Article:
After examining seven Scriptural case studies concerning depression, I would like to take time just to summarize some of the findings gleaned from these studies before moving on to some passages that deal more directly with the issue.
First, we have seen that depression can be the result of persistent sins such as anger and jealousy. And this can be true even in the case of hardhearted, unrepentant sinners, such as Cain was, not just in those who may struggle with a guilty conscience because of unconfessed sin. In people such as Cain, depression results from their own self-centered thinking and their resentment at not being perceived or treated as they think they should be.
Second, we have seen that depression can also be caused by a guilty conscience, as in the case of David. Indeed, there are many people that suffer from depression due to lingering guilt because they either have not yet found redemption in Christ or because they have harbored unconfessed sin in their hearts.
Third, we have seen that sin may not have any direct causal relationship to depression at all but that depression may be experienced simply because we live in a fallen world where terrible things happen, as in the case of Job. Depression may thus be experienced in the midst of great trials or as the result of terrible physical or emotional trauma. But his case also teaches that we must avoid sinning in response to depression by becoming angry or bitter toward God. Here Jeremiah serves as an example to remind us that we must continue to trust God as our loving and gracious Lord despite what sorrows we may face in this life.
Fourth, Job's case also demonstrates that depression may be experienced as the result of intense spiritual warfare as we seek to do what is right before God. Or again, as in the cases of Moses and Elijah, depression may stem from the constant strain of stress in our lives as we seek to serve God in a hostile world and in very difficult circumstances.
Fifth, we have also seen that depression may be a very valuable aid to us because God uses it in the lives of believers to teach them faith and obedience, to make them more like Christ and to glorify Himself more fully in their lives. Indeed, if we desire to be like Christ, then we should expect to suffer as He did, even to the point where we might also be characterized as men or women “of sorrows.” After all, if Jesus learned obedience through the things which he suffered (Heb. 5:8) – including struggles with depression and sorrow – then shouldn't we expect the same? And shouldn't we also be encouraged to know that, just as Jesus in this way became our sympathetic High Priest, we in this way might also be more useful in helping others who struggle with depression?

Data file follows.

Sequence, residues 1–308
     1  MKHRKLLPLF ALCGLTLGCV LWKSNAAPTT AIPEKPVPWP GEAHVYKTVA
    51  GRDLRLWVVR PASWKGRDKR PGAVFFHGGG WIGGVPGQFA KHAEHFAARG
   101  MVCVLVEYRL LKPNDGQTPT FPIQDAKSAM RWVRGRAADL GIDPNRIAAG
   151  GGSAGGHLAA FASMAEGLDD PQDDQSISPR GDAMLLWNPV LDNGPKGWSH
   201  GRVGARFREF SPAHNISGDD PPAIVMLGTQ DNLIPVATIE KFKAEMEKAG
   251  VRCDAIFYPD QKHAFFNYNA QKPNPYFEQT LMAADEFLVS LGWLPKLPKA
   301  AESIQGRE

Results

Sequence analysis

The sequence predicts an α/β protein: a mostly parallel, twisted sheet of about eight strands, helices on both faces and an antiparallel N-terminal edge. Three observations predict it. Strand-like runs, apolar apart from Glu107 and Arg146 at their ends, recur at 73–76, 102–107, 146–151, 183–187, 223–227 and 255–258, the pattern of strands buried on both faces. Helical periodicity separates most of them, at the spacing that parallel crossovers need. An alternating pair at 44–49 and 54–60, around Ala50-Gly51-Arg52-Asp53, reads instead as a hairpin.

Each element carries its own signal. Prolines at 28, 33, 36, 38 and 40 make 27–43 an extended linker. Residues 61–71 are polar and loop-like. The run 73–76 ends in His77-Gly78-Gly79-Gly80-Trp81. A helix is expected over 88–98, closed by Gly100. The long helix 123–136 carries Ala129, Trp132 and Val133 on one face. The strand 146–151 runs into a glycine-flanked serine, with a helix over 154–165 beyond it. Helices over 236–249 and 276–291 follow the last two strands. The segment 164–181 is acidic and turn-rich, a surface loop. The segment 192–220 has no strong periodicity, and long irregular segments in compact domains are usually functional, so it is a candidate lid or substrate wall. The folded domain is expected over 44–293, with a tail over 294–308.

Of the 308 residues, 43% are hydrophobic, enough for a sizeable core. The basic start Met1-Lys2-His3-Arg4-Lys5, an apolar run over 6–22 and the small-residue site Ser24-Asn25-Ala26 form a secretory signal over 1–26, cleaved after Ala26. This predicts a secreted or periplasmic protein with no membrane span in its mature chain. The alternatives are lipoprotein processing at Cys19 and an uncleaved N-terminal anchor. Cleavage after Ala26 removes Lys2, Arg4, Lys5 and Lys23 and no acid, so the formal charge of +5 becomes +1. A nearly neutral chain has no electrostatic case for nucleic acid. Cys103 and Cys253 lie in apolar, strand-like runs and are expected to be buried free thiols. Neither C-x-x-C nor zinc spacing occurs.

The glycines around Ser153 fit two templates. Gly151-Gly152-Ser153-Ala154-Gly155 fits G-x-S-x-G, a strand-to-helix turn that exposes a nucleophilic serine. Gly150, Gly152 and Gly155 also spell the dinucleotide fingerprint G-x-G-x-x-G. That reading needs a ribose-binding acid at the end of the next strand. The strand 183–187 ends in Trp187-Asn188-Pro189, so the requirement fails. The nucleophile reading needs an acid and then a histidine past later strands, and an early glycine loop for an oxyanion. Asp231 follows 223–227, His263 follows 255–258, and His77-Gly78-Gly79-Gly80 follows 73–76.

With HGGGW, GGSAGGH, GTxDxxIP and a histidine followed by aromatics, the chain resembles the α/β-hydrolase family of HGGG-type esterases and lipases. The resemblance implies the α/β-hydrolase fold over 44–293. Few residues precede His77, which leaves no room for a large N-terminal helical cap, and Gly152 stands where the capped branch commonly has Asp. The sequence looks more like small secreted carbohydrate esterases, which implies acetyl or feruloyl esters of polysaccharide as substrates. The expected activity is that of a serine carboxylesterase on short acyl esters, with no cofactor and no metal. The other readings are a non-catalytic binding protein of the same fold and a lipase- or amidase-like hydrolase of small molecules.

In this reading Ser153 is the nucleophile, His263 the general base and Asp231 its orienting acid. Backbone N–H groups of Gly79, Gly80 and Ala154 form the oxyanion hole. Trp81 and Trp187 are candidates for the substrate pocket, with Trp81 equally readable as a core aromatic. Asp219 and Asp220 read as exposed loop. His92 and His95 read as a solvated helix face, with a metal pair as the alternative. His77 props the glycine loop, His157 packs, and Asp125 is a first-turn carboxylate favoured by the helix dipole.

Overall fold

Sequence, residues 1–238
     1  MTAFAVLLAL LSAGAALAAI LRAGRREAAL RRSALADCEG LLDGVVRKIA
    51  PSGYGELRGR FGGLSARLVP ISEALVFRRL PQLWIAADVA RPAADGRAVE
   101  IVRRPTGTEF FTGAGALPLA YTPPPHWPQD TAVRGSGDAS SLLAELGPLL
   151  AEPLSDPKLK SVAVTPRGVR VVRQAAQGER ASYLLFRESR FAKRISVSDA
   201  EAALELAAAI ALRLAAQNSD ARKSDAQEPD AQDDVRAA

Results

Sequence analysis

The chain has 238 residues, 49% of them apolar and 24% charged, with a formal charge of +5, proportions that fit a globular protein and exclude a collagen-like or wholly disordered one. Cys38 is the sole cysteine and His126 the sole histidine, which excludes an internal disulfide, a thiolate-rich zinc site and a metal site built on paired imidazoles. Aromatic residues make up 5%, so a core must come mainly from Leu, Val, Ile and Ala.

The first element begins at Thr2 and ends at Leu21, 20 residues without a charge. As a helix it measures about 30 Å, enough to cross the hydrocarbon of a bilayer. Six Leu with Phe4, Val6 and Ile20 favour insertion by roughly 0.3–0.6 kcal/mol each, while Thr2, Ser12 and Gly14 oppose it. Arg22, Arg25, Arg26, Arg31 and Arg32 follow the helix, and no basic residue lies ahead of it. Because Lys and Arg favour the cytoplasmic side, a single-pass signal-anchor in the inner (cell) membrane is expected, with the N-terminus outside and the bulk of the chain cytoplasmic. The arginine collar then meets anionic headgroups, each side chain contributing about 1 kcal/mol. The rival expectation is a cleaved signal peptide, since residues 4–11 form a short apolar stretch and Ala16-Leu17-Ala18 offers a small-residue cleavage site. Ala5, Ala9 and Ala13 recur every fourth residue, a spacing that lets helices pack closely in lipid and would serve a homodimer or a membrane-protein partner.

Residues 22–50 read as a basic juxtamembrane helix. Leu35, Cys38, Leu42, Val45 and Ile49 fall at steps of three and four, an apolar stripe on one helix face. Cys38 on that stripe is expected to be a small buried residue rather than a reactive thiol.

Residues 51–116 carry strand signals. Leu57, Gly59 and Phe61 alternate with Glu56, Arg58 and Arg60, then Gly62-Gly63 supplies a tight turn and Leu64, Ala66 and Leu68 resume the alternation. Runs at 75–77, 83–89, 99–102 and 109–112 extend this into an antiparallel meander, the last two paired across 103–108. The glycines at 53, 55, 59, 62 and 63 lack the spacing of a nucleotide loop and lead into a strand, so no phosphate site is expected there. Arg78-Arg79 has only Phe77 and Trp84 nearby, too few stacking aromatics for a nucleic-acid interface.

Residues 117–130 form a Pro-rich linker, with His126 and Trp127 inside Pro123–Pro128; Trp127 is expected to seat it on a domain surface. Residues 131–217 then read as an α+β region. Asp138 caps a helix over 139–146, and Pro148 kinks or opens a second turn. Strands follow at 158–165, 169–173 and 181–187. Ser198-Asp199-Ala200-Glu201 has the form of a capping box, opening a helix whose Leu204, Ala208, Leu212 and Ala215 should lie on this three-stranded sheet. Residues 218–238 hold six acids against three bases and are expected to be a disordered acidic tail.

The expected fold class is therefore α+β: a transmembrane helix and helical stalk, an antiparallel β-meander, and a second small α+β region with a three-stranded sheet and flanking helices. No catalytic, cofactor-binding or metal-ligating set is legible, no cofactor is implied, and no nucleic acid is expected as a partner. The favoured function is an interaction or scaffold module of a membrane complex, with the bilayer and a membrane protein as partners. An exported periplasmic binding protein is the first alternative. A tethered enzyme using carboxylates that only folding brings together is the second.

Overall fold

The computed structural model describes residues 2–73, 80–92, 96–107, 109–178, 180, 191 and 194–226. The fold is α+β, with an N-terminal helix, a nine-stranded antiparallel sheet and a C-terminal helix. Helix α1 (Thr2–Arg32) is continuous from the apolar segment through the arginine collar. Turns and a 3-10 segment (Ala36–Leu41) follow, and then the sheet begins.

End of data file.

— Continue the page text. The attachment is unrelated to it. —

We have been called to follow Christ on the path to glory, but that path includes suffering, suffering through which we may count on the Spirit's strengthening and assuring presence. Remember Paul teaches us that “the Spirit Himself bears witness with our spirit that we are children of God, and if children, then heirs – heirs of God and joint heirs with Christ, if indeed we suffer with Him, that we may also be glorified together” (Rom. 8:16-17).
Perhaps, then, we must learn to think of depression in the same way that Peter says we should think of other sufferings for Christ when he writes, “Beloved, do not think it strange concerning the fiery trial which is to try you, as though some strange thing happened to you; but rejoice to the extent that you partake of Christ's sufferings, that when His glory is revealed, you may also be glad with exceeding joy” (1 Pet. 4:12-13).
We shall deal with the Bible's teaching concerning trails more fully later in this series, but stay tuned as we shall next turn our attention to passages that deal more directly with depression.